Find Us

EU Policy. Commission’s ‘revolving door’ for senior staff may undermine EU interests, Ombudsman says

The EU Ombudsman is concerned over revolving doors at the European Commission
The EU Ombudsman is concerned over revolving doors at the European Commission Copyright European Commission, 2023
Copyright European Commission, 2023
By Jack Schickler
Published on
Share this articleComments
Share this articleClose Button

The move of an experienced senior official to a private law firm has prompted a probe by Emily O’Reilly, responsible for investigating suspected maladministration.


The latest move of a senior European Commission antitrust official to a private law firm has prompted a probe by the EU’s Ombudsman, who is worried about conflicts of interest.

Revolving doors between the private and public sector can have a “corrosive effect” on public trust, fueling euroscepticism and undermining EU interests, said Emily O’Reilly, in a letter published today (22 May).

In an 8 May press release, law firm Paul, Weiss announced the hire of Henrik Morch, a director in the Commission’s antitrust arm with a 30-year career.

The New York-based law firm cited Morch’s “extensive experience” in handling merger cases as a benefit to the law firm’s clients – a perhaps unfortunate turn of phrase that raised particular hackles for O’Reilly.

“The clear impression is that the Commission has allowed one of its senior officials to work for a non-EU company that anticipates major benefits from that inside knowledge,” said O’Reilly, who investigates suspected maladministration in EU institutions.

“As this move was not forbidden, the Commission should, without delay, publish the restrictions it has placed on the move,” added her letter, dated 17 May.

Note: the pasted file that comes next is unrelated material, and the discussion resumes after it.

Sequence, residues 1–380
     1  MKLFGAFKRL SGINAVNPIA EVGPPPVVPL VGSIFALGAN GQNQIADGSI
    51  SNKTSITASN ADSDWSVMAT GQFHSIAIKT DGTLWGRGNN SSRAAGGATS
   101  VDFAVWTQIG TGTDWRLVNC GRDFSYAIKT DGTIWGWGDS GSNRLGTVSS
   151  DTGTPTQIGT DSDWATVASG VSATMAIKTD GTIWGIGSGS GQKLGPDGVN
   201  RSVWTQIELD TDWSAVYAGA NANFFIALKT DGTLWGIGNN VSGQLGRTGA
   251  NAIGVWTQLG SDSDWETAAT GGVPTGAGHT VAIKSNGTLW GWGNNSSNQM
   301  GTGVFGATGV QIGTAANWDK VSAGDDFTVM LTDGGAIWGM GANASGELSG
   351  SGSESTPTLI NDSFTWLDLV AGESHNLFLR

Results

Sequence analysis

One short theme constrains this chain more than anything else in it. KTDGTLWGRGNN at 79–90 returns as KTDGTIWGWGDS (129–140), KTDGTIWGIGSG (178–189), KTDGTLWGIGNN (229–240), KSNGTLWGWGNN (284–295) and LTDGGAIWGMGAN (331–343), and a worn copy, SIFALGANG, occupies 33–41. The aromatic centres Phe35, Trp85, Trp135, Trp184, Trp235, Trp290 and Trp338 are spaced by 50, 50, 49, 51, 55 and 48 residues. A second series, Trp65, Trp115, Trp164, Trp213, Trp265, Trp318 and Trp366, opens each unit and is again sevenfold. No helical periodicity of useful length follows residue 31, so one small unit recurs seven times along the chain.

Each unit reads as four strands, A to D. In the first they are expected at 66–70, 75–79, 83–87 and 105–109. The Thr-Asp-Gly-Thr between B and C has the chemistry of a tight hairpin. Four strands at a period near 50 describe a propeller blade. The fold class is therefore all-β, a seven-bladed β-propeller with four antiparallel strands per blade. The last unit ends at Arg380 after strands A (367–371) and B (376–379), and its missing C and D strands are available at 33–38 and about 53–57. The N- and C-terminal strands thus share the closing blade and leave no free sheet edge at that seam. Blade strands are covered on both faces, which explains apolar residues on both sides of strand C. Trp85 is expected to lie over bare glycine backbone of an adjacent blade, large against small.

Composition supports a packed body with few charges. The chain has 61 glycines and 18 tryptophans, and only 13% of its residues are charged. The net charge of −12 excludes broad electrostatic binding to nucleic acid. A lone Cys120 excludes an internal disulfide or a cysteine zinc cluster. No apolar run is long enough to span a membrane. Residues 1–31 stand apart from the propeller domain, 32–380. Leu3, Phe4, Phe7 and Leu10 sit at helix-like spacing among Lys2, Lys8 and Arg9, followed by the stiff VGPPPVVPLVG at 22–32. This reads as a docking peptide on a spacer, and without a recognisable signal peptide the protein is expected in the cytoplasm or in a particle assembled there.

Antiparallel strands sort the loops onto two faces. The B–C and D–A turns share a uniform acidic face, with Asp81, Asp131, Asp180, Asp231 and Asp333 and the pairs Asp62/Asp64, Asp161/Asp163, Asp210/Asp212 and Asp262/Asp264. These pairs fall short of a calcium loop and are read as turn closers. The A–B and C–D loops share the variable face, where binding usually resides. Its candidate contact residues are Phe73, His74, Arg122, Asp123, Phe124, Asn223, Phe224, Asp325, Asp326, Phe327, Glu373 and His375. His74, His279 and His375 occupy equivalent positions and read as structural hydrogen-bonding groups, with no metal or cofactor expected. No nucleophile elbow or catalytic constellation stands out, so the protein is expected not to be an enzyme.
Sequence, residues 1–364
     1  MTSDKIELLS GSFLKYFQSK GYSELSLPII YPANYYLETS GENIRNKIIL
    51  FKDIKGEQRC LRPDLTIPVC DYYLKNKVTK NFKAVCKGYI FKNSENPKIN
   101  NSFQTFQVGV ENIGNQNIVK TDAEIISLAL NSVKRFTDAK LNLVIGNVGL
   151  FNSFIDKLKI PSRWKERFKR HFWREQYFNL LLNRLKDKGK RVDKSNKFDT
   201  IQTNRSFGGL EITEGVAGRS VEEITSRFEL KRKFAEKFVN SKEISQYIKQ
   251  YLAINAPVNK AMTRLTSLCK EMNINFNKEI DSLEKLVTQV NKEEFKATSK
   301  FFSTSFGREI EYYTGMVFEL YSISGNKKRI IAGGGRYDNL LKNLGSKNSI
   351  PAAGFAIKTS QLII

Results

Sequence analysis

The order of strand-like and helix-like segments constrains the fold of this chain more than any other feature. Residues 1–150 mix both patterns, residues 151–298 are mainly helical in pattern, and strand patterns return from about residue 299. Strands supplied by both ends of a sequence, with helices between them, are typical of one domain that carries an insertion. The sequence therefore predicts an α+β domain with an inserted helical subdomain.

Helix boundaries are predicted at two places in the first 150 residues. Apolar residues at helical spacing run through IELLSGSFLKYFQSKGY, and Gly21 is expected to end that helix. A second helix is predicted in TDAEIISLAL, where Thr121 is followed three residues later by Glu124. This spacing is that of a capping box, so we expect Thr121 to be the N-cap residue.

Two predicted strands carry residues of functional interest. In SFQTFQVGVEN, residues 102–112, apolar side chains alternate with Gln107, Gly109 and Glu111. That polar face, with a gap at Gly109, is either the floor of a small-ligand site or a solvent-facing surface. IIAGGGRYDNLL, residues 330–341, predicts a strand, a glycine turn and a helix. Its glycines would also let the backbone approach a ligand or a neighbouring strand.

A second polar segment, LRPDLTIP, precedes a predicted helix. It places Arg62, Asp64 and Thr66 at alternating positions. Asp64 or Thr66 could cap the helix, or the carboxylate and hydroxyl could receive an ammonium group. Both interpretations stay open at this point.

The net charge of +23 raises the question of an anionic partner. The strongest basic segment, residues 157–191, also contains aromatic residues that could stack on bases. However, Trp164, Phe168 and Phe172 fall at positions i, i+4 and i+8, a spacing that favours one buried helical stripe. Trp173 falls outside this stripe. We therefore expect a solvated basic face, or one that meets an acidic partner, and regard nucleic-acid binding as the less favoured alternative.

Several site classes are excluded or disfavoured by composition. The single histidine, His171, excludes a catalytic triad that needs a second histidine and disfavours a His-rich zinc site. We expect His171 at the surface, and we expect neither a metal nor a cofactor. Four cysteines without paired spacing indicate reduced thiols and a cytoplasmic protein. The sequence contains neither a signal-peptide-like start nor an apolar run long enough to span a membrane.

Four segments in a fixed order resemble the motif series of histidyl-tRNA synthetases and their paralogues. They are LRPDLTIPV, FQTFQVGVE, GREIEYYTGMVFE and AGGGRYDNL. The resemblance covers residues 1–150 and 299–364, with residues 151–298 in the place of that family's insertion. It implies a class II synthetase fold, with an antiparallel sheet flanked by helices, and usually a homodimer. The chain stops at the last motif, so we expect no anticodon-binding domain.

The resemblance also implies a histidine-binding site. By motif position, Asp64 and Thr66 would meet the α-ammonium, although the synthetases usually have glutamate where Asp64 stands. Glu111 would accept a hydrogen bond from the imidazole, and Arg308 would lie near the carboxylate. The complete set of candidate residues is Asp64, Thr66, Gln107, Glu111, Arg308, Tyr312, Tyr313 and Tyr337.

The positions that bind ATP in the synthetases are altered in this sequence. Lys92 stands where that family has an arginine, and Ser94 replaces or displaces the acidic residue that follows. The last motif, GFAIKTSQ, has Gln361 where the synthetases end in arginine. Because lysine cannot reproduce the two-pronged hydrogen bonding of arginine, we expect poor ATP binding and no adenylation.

To make matters worse, she said, Paul, Weiss hasn’t been clear about its Brussels activities, and the Commission hasn’t said if it will impose any restrictions on Morch’s work with it.

O'Reilly called for the Commission to reform its practices in a probe which closed in 2022 – and which specifically concluded that officials from the competition directorate-general, DG COMP, should be banned from moving to work at private firms that work in related issues.

That followed a number of controversial hires, including the move of Carles Esteva Mosso, a deputy director-general at DG COMP, to become an antitrust partner at Latham & Watkins, and that of Adam Farkas, executive director of the EU’s banking agency, to lobby group the Association for Financial Markets in Europe.

Recent research by Transparency International, published just weeks before the bloc goes to the polls, shows that MEPs collectively earn millions of euros from jobs additional to their lawmaker salary.

Those extra paid positions are permitted under current rules – but the lobby group cites concerns over conflicts of interest, particularly when MEPS work for company that lobby the EU.

A Commission spokesperson told Euronews it was analysing the Ombudsman’s questions and will reply.

“The Commission is committed to ensuring there is no risk of conflicts of interest,” the spokesperson said, citing a 12-month bar on former senior staff lobbying the institution, adding: “We are ready to fully cooperate with the Ombudsman."

Morch, and Paul, Weiss did not immediately respond to a request for comment.  

UPDATE (22 May, 17:38): adds Commission comment.

Share this articleComments

You might also like

EU elections: What happens if the far-right parties gain more power?

Revealed: MEPs’ millions in outside earnings

Frontex director replies to Ombudsman: 'We're not the European rescue agency'